Department of Psychiatry and Behavioral Sciences | Grand Rounds Series
“Exercise and depression: a novel approach for incorporating physical rehabilitation to enhance mental health treatment”
Chris Gregory, Ph.D.
Associate Professor in the
MUSC Department of Health
Sciences and Research
Friday, Jan 18, 2019
12:00 - 1:00 p.m.
Now being held in the
Storm Eye Institute 8th Floor Auditorium 167 Ashley Ave - Room 809 Charleston, SC 29425
The Department of Psychiatry and Behavioral Sciences hosts bimonthly Grand Rounds that span the academic year.
Join us as we host Dr. Chris Gregory, Associate Professor in the MUSC Department of Health Sciences and Research. He is a rehabilitation researcher focused on the impact that various intervention strategies have on functional outcomes in individuals following stroke, the overriding goal being the optimization of therapeutic strategies to reduce disability and improve quality of life.
Unable to attend in person? Register for our live stream.
Go to: https://musc.webex.com
Once the host approves your registration, you will receive a confirmation email with instructions for joining the session.
The Medical University of South Carolina designates this live activity for a maximum of 1.0 AMA PRA Category 1.0 Credit(s)™.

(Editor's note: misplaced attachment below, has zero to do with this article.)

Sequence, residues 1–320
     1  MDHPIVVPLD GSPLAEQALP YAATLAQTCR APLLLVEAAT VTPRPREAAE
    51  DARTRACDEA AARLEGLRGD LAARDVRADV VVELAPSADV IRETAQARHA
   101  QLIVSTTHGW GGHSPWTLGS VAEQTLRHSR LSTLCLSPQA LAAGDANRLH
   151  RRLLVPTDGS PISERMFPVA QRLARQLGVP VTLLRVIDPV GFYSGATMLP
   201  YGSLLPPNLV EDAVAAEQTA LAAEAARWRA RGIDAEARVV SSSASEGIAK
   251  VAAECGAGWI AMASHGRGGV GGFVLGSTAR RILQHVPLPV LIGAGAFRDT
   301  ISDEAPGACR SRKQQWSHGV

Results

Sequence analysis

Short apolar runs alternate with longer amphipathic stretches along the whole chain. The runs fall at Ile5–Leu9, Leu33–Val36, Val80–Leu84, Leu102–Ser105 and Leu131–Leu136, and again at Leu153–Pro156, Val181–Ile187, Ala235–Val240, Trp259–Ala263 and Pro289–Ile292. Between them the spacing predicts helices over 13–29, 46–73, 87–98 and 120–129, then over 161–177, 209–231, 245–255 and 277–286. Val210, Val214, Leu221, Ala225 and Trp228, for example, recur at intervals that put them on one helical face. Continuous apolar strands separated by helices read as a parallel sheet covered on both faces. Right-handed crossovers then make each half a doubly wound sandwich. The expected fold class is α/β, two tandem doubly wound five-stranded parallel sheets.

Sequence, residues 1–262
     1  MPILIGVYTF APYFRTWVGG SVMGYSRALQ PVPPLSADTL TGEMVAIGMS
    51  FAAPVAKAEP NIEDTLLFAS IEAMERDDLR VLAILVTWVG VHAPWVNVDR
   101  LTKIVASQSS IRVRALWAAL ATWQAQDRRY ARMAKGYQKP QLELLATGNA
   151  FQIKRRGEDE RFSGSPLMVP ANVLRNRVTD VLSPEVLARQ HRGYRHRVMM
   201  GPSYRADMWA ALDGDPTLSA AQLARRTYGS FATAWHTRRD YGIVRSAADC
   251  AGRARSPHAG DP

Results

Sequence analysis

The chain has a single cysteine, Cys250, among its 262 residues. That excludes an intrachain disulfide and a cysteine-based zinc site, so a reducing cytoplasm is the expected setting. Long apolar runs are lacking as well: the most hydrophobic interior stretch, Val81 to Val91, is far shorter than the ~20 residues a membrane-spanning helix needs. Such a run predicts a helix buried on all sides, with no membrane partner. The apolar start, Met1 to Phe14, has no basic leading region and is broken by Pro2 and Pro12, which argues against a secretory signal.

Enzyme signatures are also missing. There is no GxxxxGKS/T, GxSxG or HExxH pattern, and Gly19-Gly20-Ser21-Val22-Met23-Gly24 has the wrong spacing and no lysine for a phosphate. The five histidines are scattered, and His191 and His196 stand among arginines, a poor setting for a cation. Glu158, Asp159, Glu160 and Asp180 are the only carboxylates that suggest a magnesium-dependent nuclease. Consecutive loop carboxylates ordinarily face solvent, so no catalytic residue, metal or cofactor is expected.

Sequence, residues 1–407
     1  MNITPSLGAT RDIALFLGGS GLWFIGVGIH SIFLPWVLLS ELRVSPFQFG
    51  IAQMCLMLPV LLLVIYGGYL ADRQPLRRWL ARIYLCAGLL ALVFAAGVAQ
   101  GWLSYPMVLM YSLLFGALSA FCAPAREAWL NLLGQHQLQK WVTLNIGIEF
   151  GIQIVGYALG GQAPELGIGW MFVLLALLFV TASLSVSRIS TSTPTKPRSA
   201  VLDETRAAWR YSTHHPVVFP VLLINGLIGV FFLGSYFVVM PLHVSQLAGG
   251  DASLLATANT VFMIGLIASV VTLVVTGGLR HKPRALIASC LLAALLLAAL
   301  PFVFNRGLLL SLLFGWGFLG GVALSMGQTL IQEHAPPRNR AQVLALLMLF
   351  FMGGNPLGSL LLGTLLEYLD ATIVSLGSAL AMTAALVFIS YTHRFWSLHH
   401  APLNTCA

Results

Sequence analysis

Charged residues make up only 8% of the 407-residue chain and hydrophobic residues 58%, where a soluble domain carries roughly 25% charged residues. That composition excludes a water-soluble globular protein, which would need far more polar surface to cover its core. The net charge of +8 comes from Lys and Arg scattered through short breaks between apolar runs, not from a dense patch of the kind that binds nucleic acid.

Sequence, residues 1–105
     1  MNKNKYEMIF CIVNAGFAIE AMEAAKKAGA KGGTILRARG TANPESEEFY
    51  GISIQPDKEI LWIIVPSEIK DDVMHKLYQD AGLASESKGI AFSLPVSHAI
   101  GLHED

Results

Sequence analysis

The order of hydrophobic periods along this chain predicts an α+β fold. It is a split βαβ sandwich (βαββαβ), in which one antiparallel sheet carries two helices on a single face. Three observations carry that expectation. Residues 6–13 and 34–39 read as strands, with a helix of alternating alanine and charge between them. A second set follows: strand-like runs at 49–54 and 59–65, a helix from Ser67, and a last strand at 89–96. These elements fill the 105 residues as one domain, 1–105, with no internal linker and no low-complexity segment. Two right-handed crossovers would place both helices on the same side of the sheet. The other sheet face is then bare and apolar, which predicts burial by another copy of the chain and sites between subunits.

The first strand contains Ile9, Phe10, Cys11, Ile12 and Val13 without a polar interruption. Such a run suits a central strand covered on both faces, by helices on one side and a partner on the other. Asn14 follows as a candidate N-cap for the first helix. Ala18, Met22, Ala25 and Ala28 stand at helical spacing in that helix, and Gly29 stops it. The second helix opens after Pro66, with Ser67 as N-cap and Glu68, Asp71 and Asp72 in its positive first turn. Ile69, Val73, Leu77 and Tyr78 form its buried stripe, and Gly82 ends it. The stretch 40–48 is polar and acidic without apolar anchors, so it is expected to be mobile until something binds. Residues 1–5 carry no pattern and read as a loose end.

At the completion of the presentation on 1/18/2019, attendees will be able to:
Describe the effects of aerobic exercise on depressive symptoms.
Discuss the prevalence of depression in individuals in different clinical cohorts undergoing physical rehabilitation
Biosketch for Grand Rounds Speaker on 1/18/2019:
I am a rehabilitation researcher focused on the impact that various intervention strategies have on functional outcomes in individuals following stroke, the overriding goal being the optimization of therapeutic strategies to reduce disability and improve quality of life. As part of my studies, I utilize a variety of methodologies including dynamometric assessments, electrophysiological testing, biomechanical analyses and magnetic resonance techniques, the primary goal being the identification of mechanisms (neurophysiological and behavioral) underlying limitations and/or improvements in functional performance. Over the past 5 years, our studies have been funded by grants from the National Institutes of Health, VA Rehabilitation Research & Development and the American Heart Association. Recently, we have begun exploring the interaction between depression and response to rehabilitation in individuals following stroke as well as how treatment for depression may be enhance with adjunctive exercise training.